Don’t Name Your Child As The Beneficiary

Don’t Name Your Child As The Beneficiary

When you have children, you’ll go to the ends of the earth to protect them and make sure they are safe and happy. It’s a major reason why parents buy life insurance — or the main one at least. Having life insurance means that if something happened to you, your children would be OK financially.

But, there might be something you don’t know… did you name the correct beneficiary on that policy?

It’s important, to make sure that you have named the correct beneficiary to your life insurance policy because that beneficiary will receive the proceeds of your life insurance policy if you were to die. If you are married, most often you’ve named your spouse and that spouse or partner will receive the money upon your death.

What do you do if you are a single parent? If your minor child has been named as the beneficiary of your life insurance policy who receives the proceeds?

Minor children cannot directly receive the proceeds of a life insurance policy. Instead, the proceeds will be paid directly to the legal custodian of your child assuming that the legal custodian will manage the proceeds in good faith on your child’s behalf. 

I recently received a call from a concerned family member.  His cousin “Nancy” had unexpectedly passed away. “Nancy” was recently divorced and left behind a 10-year-old son. Nancy did not have a large estate but had one life insurance policy through her employer where she designated her son as the beneficiary. 

Unfortunately for “Nancy”, she died without a Will with legal instructions on who or how her money would be managed for her son.  As a result, the proceeds of her insurance policy was paid directly to her former spouse with no strings attached. Her former spouse was free to spend the proceeds as he wished and there was nothing Nancy’s family could do to stop this. 

Making sure your children are ok – means thinking about the future now.

You can prepare a Will with provisions that sets forth your exact wishes. Your Will should spell out the person you choose as the trustee and how you’d like the money to be managed and spent. While it may seem like a big job to get this step right, keep in mind that not doing so could have repercussions for your children for many years to come.

If you have a life insurance policy and name a child as the beneficiary, but you do not have a Will, I would love to help you get that in place – to give you peace of mind knowing that your children will be ok when that time comes. Please reach out, by getting started here.


Subscribe to our newsletters

Subscribe to one or more of our newsletters, delivering meaningful insight on topics that matter to you and your family.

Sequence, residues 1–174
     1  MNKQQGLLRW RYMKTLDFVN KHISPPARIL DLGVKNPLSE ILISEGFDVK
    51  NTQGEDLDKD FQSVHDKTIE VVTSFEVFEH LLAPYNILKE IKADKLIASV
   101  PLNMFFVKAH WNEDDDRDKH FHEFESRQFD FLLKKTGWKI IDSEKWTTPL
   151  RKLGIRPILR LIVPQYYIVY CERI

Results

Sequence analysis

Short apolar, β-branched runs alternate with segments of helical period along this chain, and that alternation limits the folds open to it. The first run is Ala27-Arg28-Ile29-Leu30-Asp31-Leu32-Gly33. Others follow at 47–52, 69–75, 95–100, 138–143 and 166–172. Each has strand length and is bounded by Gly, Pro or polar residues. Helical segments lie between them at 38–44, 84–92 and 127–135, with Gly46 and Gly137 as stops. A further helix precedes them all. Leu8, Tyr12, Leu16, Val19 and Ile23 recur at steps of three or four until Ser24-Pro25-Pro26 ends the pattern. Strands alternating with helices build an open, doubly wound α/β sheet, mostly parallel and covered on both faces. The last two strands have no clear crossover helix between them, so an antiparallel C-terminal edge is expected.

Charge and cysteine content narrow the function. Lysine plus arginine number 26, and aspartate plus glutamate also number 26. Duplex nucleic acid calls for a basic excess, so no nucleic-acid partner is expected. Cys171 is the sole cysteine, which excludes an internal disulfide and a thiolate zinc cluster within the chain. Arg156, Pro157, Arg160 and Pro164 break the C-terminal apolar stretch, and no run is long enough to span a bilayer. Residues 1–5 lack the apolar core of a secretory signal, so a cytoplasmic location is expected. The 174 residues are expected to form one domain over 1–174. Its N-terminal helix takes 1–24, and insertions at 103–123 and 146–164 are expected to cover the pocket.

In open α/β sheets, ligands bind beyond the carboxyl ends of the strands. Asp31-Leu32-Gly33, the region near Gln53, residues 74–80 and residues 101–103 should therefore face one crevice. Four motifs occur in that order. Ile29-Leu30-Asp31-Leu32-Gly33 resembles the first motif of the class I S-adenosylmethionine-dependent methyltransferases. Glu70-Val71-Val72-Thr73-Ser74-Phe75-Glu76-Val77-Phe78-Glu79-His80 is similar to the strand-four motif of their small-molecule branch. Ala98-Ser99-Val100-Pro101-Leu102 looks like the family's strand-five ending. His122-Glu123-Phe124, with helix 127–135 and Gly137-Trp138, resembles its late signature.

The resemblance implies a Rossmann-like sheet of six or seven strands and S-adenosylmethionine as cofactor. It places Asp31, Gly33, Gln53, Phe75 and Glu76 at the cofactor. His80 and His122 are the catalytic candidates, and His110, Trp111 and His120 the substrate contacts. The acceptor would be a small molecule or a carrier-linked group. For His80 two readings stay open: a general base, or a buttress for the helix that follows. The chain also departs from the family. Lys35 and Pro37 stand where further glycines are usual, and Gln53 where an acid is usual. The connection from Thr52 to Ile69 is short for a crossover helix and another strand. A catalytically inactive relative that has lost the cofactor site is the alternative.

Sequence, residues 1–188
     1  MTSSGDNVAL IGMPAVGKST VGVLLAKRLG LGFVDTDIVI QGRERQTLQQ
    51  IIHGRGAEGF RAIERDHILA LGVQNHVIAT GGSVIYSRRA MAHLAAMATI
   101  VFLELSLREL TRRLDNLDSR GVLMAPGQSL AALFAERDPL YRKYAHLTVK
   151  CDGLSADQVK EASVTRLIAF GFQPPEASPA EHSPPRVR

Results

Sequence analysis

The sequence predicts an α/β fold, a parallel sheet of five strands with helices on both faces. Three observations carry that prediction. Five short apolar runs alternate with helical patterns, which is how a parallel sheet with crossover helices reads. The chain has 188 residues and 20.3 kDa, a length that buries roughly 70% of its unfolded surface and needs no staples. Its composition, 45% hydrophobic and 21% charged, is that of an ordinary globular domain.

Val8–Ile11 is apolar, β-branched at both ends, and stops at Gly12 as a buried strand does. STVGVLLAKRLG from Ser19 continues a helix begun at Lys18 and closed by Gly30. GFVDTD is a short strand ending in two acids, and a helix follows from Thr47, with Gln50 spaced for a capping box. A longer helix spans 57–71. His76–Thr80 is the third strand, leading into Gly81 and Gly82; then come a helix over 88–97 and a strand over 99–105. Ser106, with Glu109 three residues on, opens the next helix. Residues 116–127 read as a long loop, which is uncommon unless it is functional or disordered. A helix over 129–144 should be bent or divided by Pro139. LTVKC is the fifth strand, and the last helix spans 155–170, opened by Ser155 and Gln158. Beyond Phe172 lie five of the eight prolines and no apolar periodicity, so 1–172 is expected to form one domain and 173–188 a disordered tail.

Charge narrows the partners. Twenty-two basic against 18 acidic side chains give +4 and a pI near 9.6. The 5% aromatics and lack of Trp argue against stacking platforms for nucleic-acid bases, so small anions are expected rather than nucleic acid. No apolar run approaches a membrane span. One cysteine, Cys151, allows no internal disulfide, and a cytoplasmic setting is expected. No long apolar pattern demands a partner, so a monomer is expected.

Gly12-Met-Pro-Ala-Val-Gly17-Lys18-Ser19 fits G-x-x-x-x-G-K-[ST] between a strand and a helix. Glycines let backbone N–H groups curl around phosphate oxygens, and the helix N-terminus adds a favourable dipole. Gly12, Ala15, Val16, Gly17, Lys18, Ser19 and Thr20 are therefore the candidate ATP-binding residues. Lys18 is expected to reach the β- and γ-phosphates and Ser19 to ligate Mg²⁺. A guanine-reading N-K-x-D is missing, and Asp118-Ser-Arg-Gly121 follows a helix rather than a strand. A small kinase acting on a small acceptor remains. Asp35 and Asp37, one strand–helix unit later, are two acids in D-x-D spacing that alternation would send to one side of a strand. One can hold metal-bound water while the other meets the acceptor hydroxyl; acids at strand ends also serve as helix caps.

ebl home subscribe image


Latest Blog Posts

If you and your partner reside in Washington state and are unmarried, you each might qualify for the legal protections availed to you by law by classifying your relationship as a committed intimate relationship.

One of the greatest gifts you can give your family is to build an estate plan while you are alive and well. Estate planning allows you to formally communicate your wishes so they will not be up for interpretation by…

A co-executor can help facilitate the distribution of assets, minimize conflicts, and provide much-needed support to grieving families.

The law makes it easy for people to get out of bad marriages. Washington, like most states, acknowledges no-fault divorce. This means that if you want a court to dissolve your marriage, all you have to do is file for…

Washington state’s laws on non-marital relationships, including committed intimate relationships (CIRs), can be convoluted, especially in the absence of a cohabitation agreement. Given the ambiguity that exists for unmarried partners in Washington state, thinking about the future and what it could look like is more important than ever. This is especially true in terms of aging, incapacity, and death. Fortunately, you can address each of these issues in a comprehensive estate plan.

Prenups and postnups can strengthen a marriage, given how they require relationship partners to put their cards on the table for each other to see, offering transparency and peace of mind. Despite their similarities, there are a few significant differences between the two.

Child support is one of the most contentious issues in divorce cases where parties have minor children. Even though Washington state law uses the same complex mathematical formula to determine the amount of child support for each child, there is…

Family law and estate planning often intersect. This is particularly true when contemplating divorce, remarriage, or blending families.

At some point during your divorce case, friends and family members whose own marriages ended in divorce probably told you that it gets better, and it does. Of course, from your perspective, getting out of a bad marriage might be…

Co-parenting over a long distance when you are a non-residential parent does not have to equate to sacrificing involvement in your children’s lives. But it likely does mean you will have to make tweaks in your communication and parenting style to accommodate the new living arrangement.